By Hovannes Shoghikian
Press freedom in Armenia has decreased markedly over the past year, an international media rights group said on Wednesday, pointing to a temporary ban on independent news reporting imposed by the Armenian government in March.
The Paris-based Reporters Without Borders (RSF) put Armenia in 102nd place in its latest World Press Freedom Index covering 173 nations. Armenia ranked 77th in the previous RSF survey released a year ago.
RSF attributed the drop to a three-week state of emergency which was introduced in Yerevan following the March 1 deadly clashes between security forces and opposition supporters demanding a re-run of the February 19 presidential election. As part of that measure, all media outlets were ordered to cite only government sources in their news reporting.
The draconian restriction was enforced by government censors. As a result, most of the local independent and pro-opposition newspapers suspended their publication during the emergency rule.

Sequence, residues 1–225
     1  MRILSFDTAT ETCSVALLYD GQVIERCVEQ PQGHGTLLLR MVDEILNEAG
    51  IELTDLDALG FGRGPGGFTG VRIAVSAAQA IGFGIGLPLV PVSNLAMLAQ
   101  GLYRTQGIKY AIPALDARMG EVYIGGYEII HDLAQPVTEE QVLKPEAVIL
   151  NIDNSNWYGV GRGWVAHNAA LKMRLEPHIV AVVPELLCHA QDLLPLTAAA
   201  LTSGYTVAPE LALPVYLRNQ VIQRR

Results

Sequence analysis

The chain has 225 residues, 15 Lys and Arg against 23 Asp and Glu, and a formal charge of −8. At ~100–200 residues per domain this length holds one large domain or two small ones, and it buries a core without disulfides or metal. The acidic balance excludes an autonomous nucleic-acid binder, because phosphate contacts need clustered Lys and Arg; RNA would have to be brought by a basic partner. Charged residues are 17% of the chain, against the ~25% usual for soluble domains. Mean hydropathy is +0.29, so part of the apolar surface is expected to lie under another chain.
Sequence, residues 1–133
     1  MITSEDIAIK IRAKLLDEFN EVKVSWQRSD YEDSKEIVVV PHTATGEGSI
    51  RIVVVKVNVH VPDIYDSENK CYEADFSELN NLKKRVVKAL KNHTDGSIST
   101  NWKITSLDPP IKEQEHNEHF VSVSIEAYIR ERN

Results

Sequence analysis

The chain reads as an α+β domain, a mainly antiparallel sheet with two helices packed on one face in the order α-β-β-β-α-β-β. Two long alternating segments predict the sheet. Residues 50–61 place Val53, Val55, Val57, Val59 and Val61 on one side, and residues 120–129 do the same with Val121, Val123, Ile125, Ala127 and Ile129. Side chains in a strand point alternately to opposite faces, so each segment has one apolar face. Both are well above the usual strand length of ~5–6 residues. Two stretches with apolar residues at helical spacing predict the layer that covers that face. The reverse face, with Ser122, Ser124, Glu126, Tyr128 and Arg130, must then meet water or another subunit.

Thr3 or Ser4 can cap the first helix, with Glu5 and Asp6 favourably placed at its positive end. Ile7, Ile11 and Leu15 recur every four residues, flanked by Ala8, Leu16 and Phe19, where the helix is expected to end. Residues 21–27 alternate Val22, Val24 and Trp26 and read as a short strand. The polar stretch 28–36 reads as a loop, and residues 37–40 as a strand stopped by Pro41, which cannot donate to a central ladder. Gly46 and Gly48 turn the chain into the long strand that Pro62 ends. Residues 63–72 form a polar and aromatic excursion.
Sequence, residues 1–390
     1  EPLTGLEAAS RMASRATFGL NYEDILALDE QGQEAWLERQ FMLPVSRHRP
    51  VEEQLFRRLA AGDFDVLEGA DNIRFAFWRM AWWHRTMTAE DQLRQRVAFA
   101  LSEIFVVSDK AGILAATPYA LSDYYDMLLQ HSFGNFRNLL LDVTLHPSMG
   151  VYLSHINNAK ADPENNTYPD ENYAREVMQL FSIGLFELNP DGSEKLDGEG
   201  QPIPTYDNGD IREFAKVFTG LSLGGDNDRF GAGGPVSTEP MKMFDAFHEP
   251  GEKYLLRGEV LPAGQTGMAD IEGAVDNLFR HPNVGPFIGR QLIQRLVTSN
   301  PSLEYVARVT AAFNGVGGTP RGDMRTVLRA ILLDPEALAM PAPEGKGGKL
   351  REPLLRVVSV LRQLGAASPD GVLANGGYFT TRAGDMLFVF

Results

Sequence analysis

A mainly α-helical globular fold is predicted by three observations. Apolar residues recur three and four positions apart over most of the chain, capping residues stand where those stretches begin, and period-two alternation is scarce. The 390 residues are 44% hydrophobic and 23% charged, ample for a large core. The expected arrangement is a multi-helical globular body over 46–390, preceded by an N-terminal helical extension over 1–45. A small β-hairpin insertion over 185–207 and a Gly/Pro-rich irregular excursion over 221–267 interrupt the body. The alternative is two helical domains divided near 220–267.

Most of the Armenian media experts interviewed by RFE/RL agreed with RSF’s conclusions. “Regress [in media freedom] in Armenia in 2008 is obvious, and that is mainly the result of the unprecedented March censorship,” said Mesrop Harutiunian of the Yerevan Press Club. “We still feel consequences of that censorship.”
Harutiunian also pointed to a government crackdown on an independent TV station in Armenia’s second largest city of Gyumri and the recent passage of legal amendments that prolonged an effective government ban on another, more famous broadcaster that was pulled off the air in 2002.
“That the situation in Armenia has deteriorated this year is a fact,” said Aleksandr Iskandarian, director of the Yerevan-based Caucasus Media Institute. “I would just note that there has been some positive change in the second half of the year.”
RSF’s findings were also endorsed by Aram Abrahamian, editor-in-chief of the independent daily “Aravot.” “That is an absolutely realistic and objective evaluation,” he said.
But Gagik Mkrtchian, editor of the pro-government daily “Hayots Ashkhar,” disagreed, saying that the survey is politically motivated and “not objective.” He argued that all over the world press freedom can be limited during a state of emergency. “In any county, restrictions are placed in such cases,” Mkrtchian told RFE/RL.
RSF found an even shaper deterioration of the situation with media freedom in neighboring Georgia which the United States and the European Union regard as the most democratic and liberal of the three South Caucasus states. Georgia, which went through a state of emergency in November 2007 and a brief war with Russia last August, slipped 54 places to 120th in the survey.
Azerbaijan fared even worse, falling from 139th to 150th spot in the rankings.